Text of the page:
Iron Lady on Her Mettle

At the end of the first volume of Charles Moore’s lapidary trilogy, we left Mrs. Thatcher standing in St. Paul’s Cathedral in 1982, surrounded by the shades of past national leaders, bathed in public approval and growing global respect as the victor of the Falklands War and standard-bearer for a new and dynamic kind of conservative politics.  This keenly anticipated second installment carries on her career from that triumph down to her final electoral victory in 1987.  It was during this lustrum that her political style started to become apparent and her legacy began to crystallize, as she dealt, often successfully, with systemic problems lesser leaders would never have attempted.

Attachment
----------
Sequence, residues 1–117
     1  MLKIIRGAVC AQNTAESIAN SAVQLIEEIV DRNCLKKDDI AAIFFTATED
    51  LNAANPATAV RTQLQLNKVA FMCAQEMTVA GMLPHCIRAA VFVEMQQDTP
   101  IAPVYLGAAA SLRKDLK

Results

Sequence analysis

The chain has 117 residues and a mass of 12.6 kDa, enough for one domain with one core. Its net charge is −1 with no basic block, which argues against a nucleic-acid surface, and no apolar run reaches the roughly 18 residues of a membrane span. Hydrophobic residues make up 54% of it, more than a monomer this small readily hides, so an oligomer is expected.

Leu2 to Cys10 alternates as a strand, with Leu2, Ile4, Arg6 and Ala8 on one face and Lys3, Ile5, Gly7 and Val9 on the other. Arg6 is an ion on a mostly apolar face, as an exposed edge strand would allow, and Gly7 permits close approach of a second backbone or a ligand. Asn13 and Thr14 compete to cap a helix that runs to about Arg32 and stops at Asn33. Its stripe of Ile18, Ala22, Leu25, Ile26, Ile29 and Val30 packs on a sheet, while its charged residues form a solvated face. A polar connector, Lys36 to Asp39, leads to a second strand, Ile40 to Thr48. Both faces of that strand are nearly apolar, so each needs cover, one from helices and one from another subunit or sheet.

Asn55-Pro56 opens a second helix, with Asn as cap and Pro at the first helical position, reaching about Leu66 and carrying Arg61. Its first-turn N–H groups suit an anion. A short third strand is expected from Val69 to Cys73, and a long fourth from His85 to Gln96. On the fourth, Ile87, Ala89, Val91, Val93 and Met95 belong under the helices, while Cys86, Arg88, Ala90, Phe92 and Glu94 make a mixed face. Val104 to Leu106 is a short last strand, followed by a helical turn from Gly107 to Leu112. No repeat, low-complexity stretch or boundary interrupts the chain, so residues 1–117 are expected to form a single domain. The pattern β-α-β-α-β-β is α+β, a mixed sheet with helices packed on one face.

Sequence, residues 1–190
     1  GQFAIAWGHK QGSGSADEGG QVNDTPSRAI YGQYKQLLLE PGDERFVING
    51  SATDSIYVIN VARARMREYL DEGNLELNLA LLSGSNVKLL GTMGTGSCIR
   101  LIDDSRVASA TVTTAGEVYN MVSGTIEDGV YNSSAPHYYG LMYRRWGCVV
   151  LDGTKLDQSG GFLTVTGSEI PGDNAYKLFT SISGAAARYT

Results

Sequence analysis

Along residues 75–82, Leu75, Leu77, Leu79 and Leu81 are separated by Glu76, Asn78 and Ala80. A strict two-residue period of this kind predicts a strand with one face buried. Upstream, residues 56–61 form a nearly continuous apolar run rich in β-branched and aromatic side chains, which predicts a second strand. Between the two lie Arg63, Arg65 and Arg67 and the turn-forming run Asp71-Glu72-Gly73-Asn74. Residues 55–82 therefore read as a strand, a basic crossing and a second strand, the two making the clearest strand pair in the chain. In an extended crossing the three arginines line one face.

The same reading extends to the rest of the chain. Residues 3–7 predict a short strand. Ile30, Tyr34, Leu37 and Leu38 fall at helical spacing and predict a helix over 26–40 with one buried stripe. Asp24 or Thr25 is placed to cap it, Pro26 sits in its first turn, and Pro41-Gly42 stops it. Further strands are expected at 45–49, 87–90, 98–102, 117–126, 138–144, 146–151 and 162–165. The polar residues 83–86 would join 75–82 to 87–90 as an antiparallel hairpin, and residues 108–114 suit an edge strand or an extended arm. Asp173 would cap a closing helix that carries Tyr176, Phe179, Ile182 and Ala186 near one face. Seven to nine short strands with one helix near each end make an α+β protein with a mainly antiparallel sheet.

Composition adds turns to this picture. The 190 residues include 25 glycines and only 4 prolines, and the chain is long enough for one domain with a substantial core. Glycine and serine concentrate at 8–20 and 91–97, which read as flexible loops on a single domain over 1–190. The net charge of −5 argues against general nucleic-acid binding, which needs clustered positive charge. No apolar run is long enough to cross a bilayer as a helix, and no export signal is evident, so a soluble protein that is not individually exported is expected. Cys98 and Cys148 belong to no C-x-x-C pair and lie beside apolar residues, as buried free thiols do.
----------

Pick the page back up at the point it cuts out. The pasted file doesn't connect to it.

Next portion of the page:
From Hong Kong to Washington, Brussels to Jerusalem, privatization to perestroika, seething northern miners to South African sanctions, whether addressing both houses of the U.S. Congress or crawling shoeless away from her bombed Brighton bedroom, Mrs. Thatcher not only clung to power but became ever more armor-plated.  By the time she won her historic third term, she had become, for an adoring social segment of the country, the personification of Britannic pluck, so apparently immoveable that her party was often seen (and saw itself) as “the natural party of government.”  For a smaller but more voluble social segment, she was the...

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